Posts tagged ‘idealism’

November 15th, 2013

William Hasker’s Emergent Dualism

by Max Andrews

William Hasker is an open theist and has focused his research in two major areas: omniscience and the mind-body problem.  In this post I’m only going to focus on the latter.  Whatever theory we adopt about mind and body, and their interaction, there is still mystery (whether it be physical, immaterial, or a combination of the sort). The issue of one of transcendence:  how can an embodied being such as humans, transcend their physicality and have mind-like awareness of oneself (when the body is not a mind)?  Hasker says it is not enough to choose theory M (say, materialism) over D (say, dualism) simply by showing that dualism has seemingly insurmountable problems. One should take the speck out of one’s eye first:  one must examine objections to M, too, for these may be even more severe than those against D.  A healthy reminder that having reasons against ~p is not the same as having reasons in favor of p. 

March 4th, 2013

Q&A 13: Materialism and the Philosophy of Mind

by Max Andrews

Question:

I often here materialists argue that minds are the products of brains. I also have heard some argue that minds are non physical. However, I was recently approached with a challenge to materialism on YouTube (specifically this video by a user named OntoLogistics youtube.com/watch?v=sIr22Puh1Wk) where he argued a transcendent mind and argued that materialism is faith based and is based on minimal evidence. I have never heard any clear objections to materialism however a few questions (I am not materialist myself by the way):
1. Is mind Non Physical?
2. Does the mind transcend the brain?
3. Is materialism verifiable/valid?
4. Does the soul exist?
5. your thoughts on mind/body dualism
Sam

Answer:

Sam,

Thanks for sending me your question and the material you’ve included. Before I respond to the arguments presented by OntoLogistics I’ll give you a brief response to your five questions and then I’ll elaborate on them.

  1. Is the mind non-physical? -Yes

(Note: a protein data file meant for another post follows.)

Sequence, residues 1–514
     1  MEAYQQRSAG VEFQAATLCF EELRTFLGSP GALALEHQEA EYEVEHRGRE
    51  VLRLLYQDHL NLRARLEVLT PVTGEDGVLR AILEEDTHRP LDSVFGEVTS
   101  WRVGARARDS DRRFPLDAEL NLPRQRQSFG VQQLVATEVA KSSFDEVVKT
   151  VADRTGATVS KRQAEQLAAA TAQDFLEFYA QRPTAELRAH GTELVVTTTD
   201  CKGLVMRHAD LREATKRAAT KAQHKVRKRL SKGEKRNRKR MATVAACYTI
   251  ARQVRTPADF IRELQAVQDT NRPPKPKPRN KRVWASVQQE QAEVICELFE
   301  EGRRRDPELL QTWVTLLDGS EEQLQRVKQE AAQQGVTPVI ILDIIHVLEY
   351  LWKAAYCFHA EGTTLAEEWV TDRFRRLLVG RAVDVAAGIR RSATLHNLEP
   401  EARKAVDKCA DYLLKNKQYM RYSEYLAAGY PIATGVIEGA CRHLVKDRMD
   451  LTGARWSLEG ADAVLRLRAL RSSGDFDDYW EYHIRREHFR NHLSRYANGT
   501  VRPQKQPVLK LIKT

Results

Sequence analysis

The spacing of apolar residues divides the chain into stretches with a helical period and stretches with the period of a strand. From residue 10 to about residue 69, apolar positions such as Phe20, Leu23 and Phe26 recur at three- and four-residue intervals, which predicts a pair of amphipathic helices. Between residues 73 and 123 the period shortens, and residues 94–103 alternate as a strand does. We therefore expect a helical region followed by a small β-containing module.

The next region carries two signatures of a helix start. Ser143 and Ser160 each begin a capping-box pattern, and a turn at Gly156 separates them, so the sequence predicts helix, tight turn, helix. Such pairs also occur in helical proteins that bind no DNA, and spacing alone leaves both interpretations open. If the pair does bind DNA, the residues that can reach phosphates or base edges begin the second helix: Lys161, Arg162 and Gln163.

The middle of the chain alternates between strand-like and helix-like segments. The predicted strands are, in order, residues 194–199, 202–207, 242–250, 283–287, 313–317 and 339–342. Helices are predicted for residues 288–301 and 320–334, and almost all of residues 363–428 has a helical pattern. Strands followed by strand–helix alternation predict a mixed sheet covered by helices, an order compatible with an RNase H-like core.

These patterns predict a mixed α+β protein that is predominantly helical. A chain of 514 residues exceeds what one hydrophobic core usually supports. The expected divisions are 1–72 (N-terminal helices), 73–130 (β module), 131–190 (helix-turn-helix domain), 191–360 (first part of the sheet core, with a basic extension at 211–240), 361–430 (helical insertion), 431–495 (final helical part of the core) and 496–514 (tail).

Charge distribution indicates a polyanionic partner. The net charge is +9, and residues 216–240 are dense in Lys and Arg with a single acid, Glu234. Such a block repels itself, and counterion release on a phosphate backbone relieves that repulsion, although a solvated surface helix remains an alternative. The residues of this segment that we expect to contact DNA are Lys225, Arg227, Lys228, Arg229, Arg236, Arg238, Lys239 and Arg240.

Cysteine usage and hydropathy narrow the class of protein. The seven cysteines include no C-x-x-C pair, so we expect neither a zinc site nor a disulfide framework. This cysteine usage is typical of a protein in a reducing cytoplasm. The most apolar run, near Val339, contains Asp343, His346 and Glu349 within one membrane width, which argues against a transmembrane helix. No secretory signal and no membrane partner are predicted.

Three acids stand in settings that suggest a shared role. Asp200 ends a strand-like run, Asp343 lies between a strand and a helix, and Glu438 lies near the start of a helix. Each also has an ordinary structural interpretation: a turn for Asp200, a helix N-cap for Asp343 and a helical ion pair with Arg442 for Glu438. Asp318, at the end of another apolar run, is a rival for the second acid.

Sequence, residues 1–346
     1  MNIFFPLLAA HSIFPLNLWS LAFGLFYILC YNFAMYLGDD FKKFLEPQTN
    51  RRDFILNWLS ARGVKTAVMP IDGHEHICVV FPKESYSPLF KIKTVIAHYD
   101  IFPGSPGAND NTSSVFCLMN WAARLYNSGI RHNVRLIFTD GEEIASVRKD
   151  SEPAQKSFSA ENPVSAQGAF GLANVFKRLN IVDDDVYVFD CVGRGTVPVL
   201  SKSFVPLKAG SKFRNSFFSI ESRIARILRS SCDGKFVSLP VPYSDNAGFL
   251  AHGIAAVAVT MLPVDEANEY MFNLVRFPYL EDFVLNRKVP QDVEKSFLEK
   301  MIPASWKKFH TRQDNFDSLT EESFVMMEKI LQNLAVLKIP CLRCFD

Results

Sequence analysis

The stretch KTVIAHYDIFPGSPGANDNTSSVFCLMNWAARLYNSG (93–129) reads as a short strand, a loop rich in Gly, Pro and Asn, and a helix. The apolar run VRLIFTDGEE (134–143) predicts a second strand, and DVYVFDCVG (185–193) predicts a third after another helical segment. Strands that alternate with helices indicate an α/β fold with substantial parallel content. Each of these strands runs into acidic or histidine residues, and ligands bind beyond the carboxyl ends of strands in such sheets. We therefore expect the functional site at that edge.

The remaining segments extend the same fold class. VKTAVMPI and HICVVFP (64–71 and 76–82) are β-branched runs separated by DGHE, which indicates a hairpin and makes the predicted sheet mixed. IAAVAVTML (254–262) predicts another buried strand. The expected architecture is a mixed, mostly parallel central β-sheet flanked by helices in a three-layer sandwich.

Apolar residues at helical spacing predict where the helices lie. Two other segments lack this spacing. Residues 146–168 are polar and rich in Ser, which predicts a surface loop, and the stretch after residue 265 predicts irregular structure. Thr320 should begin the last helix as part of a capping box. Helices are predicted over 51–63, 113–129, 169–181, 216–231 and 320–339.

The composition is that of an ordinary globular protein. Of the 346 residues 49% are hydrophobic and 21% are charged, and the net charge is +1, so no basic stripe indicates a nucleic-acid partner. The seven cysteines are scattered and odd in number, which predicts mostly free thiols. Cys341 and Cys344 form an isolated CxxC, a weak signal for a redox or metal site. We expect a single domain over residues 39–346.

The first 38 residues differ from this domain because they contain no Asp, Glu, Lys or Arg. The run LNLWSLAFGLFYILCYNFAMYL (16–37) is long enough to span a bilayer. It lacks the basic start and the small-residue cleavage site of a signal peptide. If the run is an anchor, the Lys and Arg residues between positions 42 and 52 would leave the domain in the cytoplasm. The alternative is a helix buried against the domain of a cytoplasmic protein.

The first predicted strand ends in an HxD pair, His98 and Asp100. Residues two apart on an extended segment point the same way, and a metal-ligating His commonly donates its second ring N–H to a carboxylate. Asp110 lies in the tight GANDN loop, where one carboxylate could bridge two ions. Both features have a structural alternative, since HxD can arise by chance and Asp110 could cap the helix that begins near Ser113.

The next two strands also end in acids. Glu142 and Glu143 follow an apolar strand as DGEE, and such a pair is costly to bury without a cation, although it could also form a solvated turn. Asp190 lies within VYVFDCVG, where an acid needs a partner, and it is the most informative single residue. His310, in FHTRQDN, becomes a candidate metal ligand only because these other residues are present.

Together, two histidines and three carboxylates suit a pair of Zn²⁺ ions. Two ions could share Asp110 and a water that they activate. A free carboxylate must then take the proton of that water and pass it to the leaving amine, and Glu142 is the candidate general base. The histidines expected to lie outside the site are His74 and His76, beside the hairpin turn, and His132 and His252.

2. Does the mind transcend the brain? -Yes
  3. Is materialism verifiable/valid? -Maybe
  4. Does the soul exist? -Yes
  5. [My] thoughts on mind/body dualism: I consider myself to be a Cartesian dualist.
    read more »

January 11th, 2013

Neuroscience and Dualism

by Max Andrews

JP MorelandJP Moreland attempts[1], successfully in my opinion, to argue for a metaphysical dualism for personhood. In light of recent advances in neuroscience Moreland does not want to compromise and retreat to a emergent or physicalist metaphysics for personhood. Moreland’s goal is that 1) substance dualism is widely acknowledged to be the common sense positions based on first-person introspection, and 2) the task of arguing for or against dualism, so grounded, is a philosophical one, and 3) neuroscientific research must rely on first-person introspective reports (845).

I think it may have been more beneficial had Moreland offered more critiques on different positions rather than a purely physical or dualistic approach. I appreciated and thought he did well in offering not just a negative cause against physicalism but a positive case in favor of his position—substance dualism.

January 26th, 2012

Theology Thursday: William Hasker

by Max Andrews

Theology Thursday is a new feature on the blog, which gives a brief introduction to a theological person of significance.

Theologian: William Hasker (Contemporary)

General summary of his theology: Hasker is an open theist and has focused his research in two major areas: omniscience and the mind-body problem.  In this post I’m only going to focus on the latter.  Whatever theory we adopt about mind and body, and their interaction, there is still mystery (whether it be physical, immaterial, or a combination of the sort). The issue of one of transcendence:  how can an embodied being such as humans, transcend their physicality and have mind-like awareness of oneself (when the body is not a mind)?  Hasker says it is not enough to choose theory M (say, materialism) over D (say, dualism) simply by showing that dualism has seemingly insurmountable problems. One should take the speck out of one’s eye first:  one must examine objections to M, too, for these may be even more severe than those against D.  A healthy reminder that having reasons against ~p is not the same as having reasons in favor of p.  [Epistemic principle here:  just because P and Q are logically not co-possible; and you have (non-decisive) evidence against P; it doesn’t follow that you have (decisive, or even non-decisive, perhaps) evidence for Q (cf. Islam and Buddhism, say)].